Gov submits proposed FY 2021 budget — "Federal aid significantly boosted our economy”
Pago Pago, AMERICAN SAMOA — The American Samoa Government's final budget proposal for fiscal year 2021 is 10% higher than the FY 2020 approved budget, said Gov. Lolo Matalasi Moliga in his cover letter to Fono leaders.
Lolo explained that the FY 2021 budget — which was transmitted to the Fono two days ago — was set initially at the FY 2020 budget levels.
However due to, “new compensation policies to rectify inequities, properly aligned rewards with responsibilities and skills, accommodate cost of living increases, and the salary thresholds consistent with educational attainment, the budget ceiling was changed to reflect new financial demands to defray planned expenditures,” the governor wrote to Fono leaders.
He especially pointed out the starting salary thresholds for holders of a high school diploma, Associate Degree, Bachelor’s degree and Master’s degree that were set at $12,000, $16,000, $23,000 and $27,000 respectively, according to the governor.
The total FY 2021 budget proposal is capped at $465.95 million, an increase of more than $41 million - or 10% higher - than FY 2020’s approved budget of over $424.20 million.
Sources of funding for FY 2021 budget:
• Local revenues $110.16 million, an increase of 7% or $7.06 million;
• Federal grants of over $134.72 million — an increase of 5% or $6.77 million;
• Enterprise Funds, which includes ASG semi autonomous agencies, at $210.79 million — an increase of 15% or $27.37 million
• Capital Improvement Projects at $10.28 million — a 6% increase or $542,000.
According to the governor, the financial plan for FY 2021 seeks to finance government activities for the new fiscal year, which begins Oct. 1, 2020, with the economic development strategy, aimed to bolster the local economy.
In essence, he said, the financial plan will “foster the injection of needed capital to stimulate economic activities thereby generating jobs.” Overall, the financial plan continues to place emphasis on expanding the territory’s economy and “maintaining our service priorities while moving up towards attaining our goal of a balanced budget.”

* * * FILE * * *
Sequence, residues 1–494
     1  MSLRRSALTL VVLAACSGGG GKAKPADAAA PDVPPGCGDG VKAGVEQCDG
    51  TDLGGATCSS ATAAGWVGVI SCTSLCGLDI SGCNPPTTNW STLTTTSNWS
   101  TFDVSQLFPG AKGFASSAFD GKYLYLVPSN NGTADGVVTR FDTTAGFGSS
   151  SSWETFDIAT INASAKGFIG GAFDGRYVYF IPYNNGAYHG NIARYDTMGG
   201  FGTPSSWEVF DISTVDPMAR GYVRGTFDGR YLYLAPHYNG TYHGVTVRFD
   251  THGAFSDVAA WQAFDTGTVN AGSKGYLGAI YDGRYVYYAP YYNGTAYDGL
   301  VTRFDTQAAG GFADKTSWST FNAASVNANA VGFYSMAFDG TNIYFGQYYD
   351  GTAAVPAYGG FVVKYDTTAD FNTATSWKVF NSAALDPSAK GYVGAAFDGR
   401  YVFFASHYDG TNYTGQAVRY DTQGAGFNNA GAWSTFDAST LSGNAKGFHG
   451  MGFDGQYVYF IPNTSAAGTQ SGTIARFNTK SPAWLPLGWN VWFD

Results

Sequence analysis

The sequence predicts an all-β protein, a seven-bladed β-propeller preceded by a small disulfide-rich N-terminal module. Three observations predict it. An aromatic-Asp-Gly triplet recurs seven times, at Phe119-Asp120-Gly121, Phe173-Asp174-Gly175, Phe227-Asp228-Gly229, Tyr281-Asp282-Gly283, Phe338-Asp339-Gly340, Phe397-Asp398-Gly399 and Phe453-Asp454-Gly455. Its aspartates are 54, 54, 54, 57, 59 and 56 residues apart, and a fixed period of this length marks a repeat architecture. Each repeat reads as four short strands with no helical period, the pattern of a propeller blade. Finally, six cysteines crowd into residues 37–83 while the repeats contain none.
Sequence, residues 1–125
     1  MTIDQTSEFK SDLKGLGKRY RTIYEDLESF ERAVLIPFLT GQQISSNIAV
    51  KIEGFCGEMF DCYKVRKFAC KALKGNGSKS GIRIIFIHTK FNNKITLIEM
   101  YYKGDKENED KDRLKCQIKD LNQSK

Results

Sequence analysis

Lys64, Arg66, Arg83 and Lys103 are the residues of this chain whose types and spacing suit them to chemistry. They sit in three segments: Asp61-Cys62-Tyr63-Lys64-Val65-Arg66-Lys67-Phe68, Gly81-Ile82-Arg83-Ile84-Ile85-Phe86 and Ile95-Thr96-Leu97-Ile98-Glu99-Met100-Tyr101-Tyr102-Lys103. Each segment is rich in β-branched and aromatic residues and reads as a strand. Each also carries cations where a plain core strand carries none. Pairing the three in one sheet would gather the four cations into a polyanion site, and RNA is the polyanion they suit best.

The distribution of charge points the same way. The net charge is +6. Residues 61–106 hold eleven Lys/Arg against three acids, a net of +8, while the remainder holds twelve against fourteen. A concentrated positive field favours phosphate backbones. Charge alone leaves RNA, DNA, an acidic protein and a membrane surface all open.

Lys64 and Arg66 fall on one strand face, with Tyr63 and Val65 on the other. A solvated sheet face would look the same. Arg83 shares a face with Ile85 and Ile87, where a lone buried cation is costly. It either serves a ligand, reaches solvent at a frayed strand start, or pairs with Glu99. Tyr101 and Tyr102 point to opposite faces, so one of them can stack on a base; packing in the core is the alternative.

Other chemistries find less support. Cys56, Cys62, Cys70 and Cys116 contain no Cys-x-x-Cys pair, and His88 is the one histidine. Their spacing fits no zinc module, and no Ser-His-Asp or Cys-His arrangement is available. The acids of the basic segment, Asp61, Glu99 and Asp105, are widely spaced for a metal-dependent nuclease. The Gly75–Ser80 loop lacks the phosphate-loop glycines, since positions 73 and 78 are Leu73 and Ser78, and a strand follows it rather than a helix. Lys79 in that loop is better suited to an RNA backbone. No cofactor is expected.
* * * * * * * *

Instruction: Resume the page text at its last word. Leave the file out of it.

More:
Lolo reminded the Fono that since the last deficit — incurred in FY 2014 — ASG spending and budget have been transformed, with spending based on the actual collection of revenues, not the approved budget.
He said executive branch directors are aware of this policy and are doing whatever is necessary to ensure compliance.
The governor also points out that if during the fiscal year the revenue capacity of ASG changes upward or downward, a supplemental plan shall be prepared and transmitted for Fono consideration.
FY 2021 BUDGET ENVIRONMENT
According to the governor, the adverse economic impact, resulting from the closure of Samoa Tuna Processors Inc. cannery about three years ago continues “to trigger shrinkage in our revenues.”
He points out that forecast revenue for FY 2021 is predicated on the continued maintenance of StarKist’s current production and employment levels. “There is confidence that StarKist’s future prognosis is stable based on additional investments towards relocation of production facilities from its closed California plant,” Lolo explained.
“Massive monetary injections into the economy consequential to the inordinate amount of aid from the federal government also impacted FY 2021 revenue forecasts,” he said, and noted that if any of these two economic pillars encounter a negative operating environment, projected revenues will be reciprocally affected.”
The governor also said that the impact of the COVID-19 pandemic relative to the “enormous infusion in federal aid significantly boosted our economy.” And although such aid will stop at the end of the year, Lolo said the “multiplier effect of the infused federal aid will trickle over to the following year.” (See separate story on pandemic money.)
According to the governor, current revenue collections remain steady “coupled with our aggressive stance on exploring all potential revenue options facilitating the generation of additional revenues to finance projects critical in the advancement of public services to our people.”
Samoa News will report in future editions many issues in the governor’s cover letter transmitted to the Fono in the form of a small-booklet. The general government budget was submitted per usual — a large budget book.